TIL: Packing web app as desktop app on Mac without Electron


Recently, I found gluon. It is a framework for building desktop applications using web technologies. Unlike Electron, it uses the System installed Chromium or Firefox instead of the bundled Chromium. This makes it possible to use the same version of Chromium or Firefox as the one used by the user’s browser. This also makes the application significantly smaller. At the time of this TIL, the gluon framework is only a few weeks old.

FrontendSystem installed Chromium or FirefoxSelf-contained ChromiumSystem installed webviewSystem installed webview
BackendSystem installed or bundled Node.JSSelf-contained Node.JSNative (Rust)Native (Any)
IPCWindow objectPreloadWindow objectWindow object
StatusEarly in developmentProduction readyUsableUsable

I played with the source code a bit. I’m creating a small app in JavaScript, able to run offline with database access. It should be fun to be able to build and package it as both Electron and Gluon apps?


How it works

It work by detecting the existing Chromium or Firefox installation, and call the corresponding binary with the --app flag. The --app flag is used to specify the URL of the application. It can be a local file or a remote URL.

const browserPaths = ({
  win32: process.platform === 'win32' && {
    chrome: join(process.env.PROGRAMFILES, 'Google', 'Chrome', 'Application', 'chrome.exe'),
    chrome_canary: join(process.env.LOCALAPPDATA, 'Google', 'Chrome SxS', 'Application', 'chrome.exe'),
    edge: join(process.env['PROGRAMFILES(x86)'], 'Microsoft', 'Edge', 'Application', 'msedge.exe'),

    firefox: join(process.env.PROGRAMFILES, 'Mozilla Firefox', 'firefox.exe'),
    firefox_nightly: join(process.env.PROGRAMFILES, 'Firefox Nightly', 'firefox.exe'),

  linux: { // these should be in path so just use the name of the binary
    chrome: [ 'chrome', 'google-chrome', 'chrome-browser', 'google-chrome-stable' ],
    chrome_canary: [ 'chrome-canary', 'google-chrome-canary', 'google-chrome-unstable', 'chrome-unstable' ],

    chromium: [ 'chromium', 'chromium-browser' ],
    chromium_snapshot: [ 'chromium-snapshot', 'chromium-snapshot-bin' ],

    firefox: 'firefox',
    firefox_nightly: 'firefox-nightly'

  darwin: {
    chrome: '/Applications/Google Chrome.app/Contents/MacOS/Google Chrome',
    edge: '/Applications/Microsoft Edge.app/Contents/MacOS/Microsoft Edge',
    firefox: '/Applications/Firefox.app/Contents/MacOS/firefox',

Then I realize that I can do the same, by create a binary to call the installed browser engine and expose a port for communicating between Frontend and Backend. Sound similar? It is. It is the same as Tauri and Neutralinojs. But this time, use the user’s browse engine instead of webview.

Now I’m free to use my own Backend instead of sticking to NodeJS. And it’s definitely Go!

Electron and Nativefier

  • Electron is a framework for building cross-platform desktop applications using web technologies. It’s too famous in developer community, no need to explain more.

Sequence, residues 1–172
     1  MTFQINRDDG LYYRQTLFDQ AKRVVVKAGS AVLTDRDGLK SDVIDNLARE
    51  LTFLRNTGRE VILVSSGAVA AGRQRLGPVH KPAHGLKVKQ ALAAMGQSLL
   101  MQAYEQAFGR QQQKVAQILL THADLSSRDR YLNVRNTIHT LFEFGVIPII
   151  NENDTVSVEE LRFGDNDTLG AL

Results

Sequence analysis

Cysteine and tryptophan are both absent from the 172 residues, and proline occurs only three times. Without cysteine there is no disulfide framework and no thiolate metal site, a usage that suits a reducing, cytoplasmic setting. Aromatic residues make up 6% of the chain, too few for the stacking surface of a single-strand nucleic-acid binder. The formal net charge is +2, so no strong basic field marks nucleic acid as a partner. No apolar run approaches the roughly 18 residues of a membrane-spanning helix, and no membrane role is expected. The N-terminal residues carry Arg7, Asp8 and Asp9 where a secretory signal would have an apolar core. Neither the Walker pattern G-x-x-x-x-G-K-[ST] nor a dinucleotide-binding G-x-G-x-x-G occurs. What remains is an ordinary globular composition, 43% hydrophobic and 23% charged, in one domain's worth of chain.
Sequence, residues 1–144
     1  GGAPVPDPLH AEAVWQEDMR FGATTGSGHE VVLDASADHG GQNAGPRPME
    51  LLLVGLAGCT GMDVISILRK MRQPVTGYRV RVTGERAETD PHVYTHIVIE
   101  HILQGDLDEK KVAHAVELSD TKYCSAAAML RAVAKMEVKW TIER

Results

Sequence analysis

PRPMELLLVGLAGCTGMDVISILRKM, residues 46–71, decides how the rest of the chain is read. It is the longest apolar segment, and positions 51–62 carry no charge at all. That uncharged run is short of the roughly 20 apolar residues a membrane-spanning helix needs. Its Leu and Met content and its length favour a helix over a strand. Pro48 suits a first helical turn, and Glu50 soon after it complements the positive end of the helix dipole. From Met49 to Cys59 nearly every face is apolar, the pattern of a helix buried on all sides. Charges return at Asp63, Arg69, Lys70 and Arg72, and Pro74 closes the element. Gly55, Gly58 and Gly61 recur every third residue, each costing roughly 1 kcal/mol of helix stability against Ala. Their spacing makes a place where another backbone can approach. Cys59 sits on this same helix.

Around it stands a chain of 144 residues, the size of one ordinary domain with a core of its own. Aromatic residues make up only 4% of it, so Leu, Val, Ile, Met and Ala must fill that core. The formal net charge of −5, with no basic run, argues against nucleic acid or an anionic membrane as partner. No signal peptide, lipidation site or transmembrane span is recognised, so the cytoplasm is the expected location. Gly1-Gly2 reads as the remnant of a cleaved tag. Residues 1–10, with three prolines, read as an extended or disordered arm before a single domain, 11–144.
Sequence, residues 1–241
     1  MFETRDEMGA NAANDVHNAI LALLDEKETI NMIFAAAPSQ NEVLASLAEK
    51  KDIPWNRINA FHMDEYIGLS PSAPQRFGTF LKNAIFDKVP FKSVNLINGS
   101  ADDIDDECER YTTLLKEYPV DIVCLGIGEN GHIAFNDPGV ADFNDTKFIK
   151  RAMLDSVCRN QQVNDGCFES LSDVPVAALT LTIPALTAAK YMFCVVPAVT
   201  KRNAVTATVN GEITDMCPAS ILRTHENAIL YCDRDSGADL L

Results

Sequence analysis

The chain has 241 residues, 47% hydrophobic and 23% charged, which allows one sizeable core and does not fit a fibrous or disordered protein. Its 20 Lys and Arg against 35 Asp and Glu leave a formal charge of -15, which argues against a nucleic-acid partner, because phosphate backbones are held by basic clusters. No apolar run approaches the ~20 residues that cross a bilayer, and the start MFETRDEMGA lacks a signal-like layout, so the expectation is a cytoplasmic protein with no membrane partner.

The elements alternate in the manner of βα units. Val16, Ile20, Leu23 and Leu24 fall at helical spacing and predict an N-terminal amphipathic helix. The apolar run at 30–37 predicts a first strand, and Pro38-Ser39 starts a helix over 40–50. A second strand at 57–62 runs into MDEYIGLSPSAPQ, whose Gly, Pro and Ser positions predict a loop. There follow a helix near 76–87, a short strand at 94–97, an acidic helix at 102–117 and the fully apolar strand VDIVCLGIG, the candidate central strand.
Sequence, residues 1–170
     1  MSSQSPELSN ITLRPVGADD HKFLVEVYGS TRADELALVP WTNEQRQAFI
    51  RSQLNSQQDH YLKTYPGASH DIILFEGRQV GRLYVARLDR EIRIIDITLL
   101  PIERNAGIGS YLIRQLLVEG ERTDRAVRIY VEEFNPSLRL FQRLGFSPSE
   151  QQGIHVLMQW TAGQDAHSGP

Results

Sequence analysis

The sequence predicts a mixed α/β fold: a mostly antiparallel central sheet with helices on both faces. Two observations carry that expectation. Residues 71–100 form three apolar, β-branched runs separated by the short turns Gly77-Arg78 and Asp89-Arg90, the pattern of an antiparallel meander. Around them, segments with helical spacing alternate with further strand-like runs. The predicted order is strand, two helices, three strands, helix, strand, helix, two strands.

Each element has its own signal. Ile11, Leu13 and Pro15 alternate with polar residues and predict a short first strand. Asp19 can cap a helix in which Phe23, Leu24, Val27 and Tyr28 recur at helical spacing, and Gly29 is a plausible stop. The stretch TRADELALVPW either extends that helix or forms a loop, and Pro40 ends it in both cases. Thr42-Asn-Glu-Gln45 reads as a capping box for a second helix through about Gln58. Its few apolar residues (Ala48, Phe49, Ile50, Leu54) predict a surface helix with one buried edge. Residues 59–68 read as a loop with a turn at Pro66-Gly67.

• Nativefier is a tool to create a desktop app from a web app. It is a wrapper around Electron.

Both works by bundling Chromium and NodeJS. I won’t include Chromium in my app, but they will help me learn how to package my app for different platforms.

Manually packaging a web app as desktop app

Run a command as a MacOS application

Create this directory structure:


Make a simple Go application and put it inside the MacOS directory:

go build -o sample.com/MacOS/APP

And add Info.plist:

<?xml version="1.0" encoding="UTF-8"?>
<!DOCTYPE plist PUBLIC "-//Apple//DTD PLIST 1.0//EN" "http://www.apple.com/DTDs/PropertyList-1.0.dtd">
<plist version="1.0">

Now, we should be able to run the app by double-clicking the sample.app file. Or by command:

open sample.app

Add a web UI by calling Chrome

We can use the --app flag to open a web app in Chrome:

"/Applications/Google Chrome.app/Contents/MacOS/Google Chrome" --app=

The web app is open as a chrome window, pointing to Add a webserver there to serve the UI.

Some other details

  • Add --user-data-dir=<path> to run Chrome as a separate instance. Without it, quitting Chrome will make our app exit and vice versa.
  • Add --remote-debugging-port to allow remote debugging of the Chrome instance. Read more.
  • Add icon to the app by creating an .icns file, put it inside Resources, and adding CFBundleIconFile to Info.plist. Read more about iconutil and application bundle.
  • Sign the app with codesign to be able to distribute the app. Sign up for Apple Developer and sign the app.
  • Without code signing, if you send the app to someone else machine (or upload and re-download the app), the app will be quarantined by MacOS. To run the app, you need to right-click and select “Open” from the context menu. Or you can disable the quarantine by running xattr -d com.apple.quarantine <app>.


I'm Oliver Nguyen. A software maker working mostly in Go and JavaScript. I enjoy learning and seeing a better version of myself each day. Occasionally spin off new open source projects. Share knowledge and thoughts during my journey. Connect with me on , , , and .

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